# Scientific computing: probability calculator - test 1 ordering?

I was convinced my code for populating and returning ‘contents’ worked just fine and was perplexed at failing test 1.

The test

``````        hat = prob_calculator.Hat(red=3,blue=2)
actual = hat.contents
expected = ["red","red","red","blue","blue"]
``````

what my code returns: [‘blue’, ‘blue’, ‘red’, ‘red’, ‘red’]

The user is free to pass in balls of any colour with no restrictions. So I created init() to have a list of colour args that all default to zero. That makes it impossible to determine the order of balls in the call.

Each line in my init looks something like this:

``````        self.contents += ["blue"] * blue
``````

So to pass the test I can just make sure red is processed first.

But this is very unsatisfactory and a massive fudge. I’ve also seen that test 3 (I haven’t got that far) creates a hat with those colour arguments reversed. Luckily it doesn’t test for contents again, but if it did there is no way I could ever pass all 3 tests in 1 pass.

You may disagree, but I would say my list and the test’s list are effectively the same (I hope to prove this when I implement def experiment()). If the test was just insisting on the list having the balls in alphabetical order that would be trivial to solve (ideally the test would do its own sort). But it just seems to be insisting on the order of balls in the container being the same order as passed in.

If I’m right, that would force me into a particular style of solution, when I should be free to implement as I choose as long as the spec is matched.

Am I missing something here?

Unfortunately experiment results will be different if the order of contents is different - number returned from `random.randint` will point to different ball, resulting in different set of balls being drawn.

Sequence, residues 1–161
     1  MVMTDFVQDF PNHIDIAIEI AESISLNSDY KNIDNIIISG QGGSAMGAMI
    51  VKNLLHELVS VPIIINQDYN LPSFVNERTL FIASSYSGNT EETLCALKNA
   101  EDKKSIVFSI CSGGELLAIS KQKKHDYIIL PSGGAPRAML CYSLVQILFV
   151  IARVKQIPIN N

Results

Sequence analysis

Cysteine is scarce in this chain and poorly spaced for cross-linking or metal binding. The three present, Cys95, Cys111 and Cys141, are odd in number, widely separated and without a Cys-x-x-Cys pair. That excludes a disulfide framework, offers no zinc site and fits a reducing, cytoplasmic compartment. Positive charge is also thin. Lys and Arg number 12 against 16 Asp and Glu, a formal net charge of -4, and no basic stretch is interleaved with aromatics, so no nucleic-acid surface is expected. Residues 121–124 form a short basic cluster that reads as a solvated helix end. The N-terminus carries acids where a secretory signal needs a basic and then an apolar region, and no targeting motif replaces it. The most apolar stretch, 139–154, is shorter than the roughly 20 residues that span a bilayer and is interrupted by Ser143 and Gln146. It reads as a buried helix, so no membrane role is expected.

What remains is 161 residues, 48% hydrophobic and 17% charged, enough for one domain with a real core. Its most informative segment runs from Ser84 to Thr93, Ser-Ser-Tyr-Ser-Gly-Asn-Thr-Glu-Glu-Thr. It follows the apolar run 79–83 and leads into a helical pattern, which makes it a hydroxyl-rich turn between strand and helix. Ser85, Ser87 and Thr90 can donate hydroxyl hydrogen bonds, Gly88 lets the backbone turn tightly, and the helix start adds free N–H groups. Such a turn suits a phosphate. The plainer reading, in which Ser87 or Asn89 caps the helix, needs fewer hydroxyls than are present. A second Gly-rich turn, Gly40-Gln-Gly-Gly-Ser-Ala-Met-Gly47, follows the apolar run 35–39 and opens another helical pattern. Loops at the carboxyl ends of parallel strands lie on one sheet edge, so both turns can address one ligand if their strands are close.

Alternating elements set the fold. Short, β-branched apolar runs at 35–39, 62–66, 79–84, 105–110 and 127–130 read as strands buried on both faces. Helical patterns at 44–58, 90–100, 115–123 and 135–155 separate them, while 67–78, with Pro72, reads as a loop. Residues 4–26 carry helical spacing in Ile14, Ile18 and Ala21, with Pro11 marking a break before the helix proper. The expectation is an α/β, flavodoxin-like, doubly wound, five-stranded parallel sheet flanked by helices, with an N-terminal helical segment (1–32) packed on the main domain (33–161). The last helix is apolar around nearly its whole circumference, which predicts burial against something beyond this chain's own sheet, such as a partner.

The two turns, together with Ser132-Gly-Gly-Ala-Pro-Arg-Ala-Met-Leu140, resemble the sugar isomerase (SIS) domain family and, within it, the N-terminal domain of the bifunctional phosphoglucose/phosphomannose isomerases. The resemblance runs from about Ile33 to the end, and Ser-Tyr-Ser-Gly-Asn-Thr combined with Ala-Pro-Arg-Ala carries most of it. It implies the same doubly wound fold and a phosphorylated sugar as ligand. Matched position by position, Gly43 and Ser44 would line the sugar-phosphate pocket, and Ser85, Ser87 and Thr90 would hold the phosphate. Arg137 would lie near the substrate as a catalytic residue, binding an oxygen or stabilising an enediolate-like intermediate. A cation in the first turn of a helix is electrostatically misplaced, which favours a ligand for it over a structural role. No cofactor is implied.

Actually there’s an example in description:

For example, if your hat is `{"red": 2, "blue": 1}` , `contents` should be `["red", "red", "blue"]` .

What if somebody would want to use purple balls? Or if they would use different language for colors than English?

There are some constraints on the implementation - yes, to some extent that’s always a case. This project has it particularly harder, as there’s the random factor.

tldr; order doesn’t matter: it passes all tests with either my original (out of order) or revised (preserved order) method.

My finished project

I’ve replaced my original method (using default params) with one using kwargs, which preserves the order the calling method asks for. I’ve also tested my finished project with my original method which gives the same SET of balls, but in a different ORDER.

“experiment results will be different if the order of contents is different”

Yes and no. Consider the following from the test:

hat = Hat(blue=3,red=2,green=6)
probability = experiment(hat=hat, expected_balls={“blue”:2,“green”:1}, num_balls_drawn=4, num_experiments=1000)
expected = 0.272

In a single draw, using both methods, the results are very likely to differ, just like rolling 2 dice. But just as 2 dice contain the same set of numbers, over many iterations (of either throwing dice or the above test) they both converge about the same result, as expected.

In fact, the draw() and experiment() part of this was very straight-forward, not sure why so many people had issues here. No need to worry about seeding random number generators or anything. The only bit that caught me out was that I was initially coding against the draw for a MATCHING NUMBER of balls, when it should be using (for the above example) >= 2, >= 1

I still maintain that the first test should test for the SET of items, not a fixed order.

But I’ll concede sanity’s point about arbitrary ball types (one of the tests has a ‘test’ ball), although I’m not sure the spec suggested this could happen.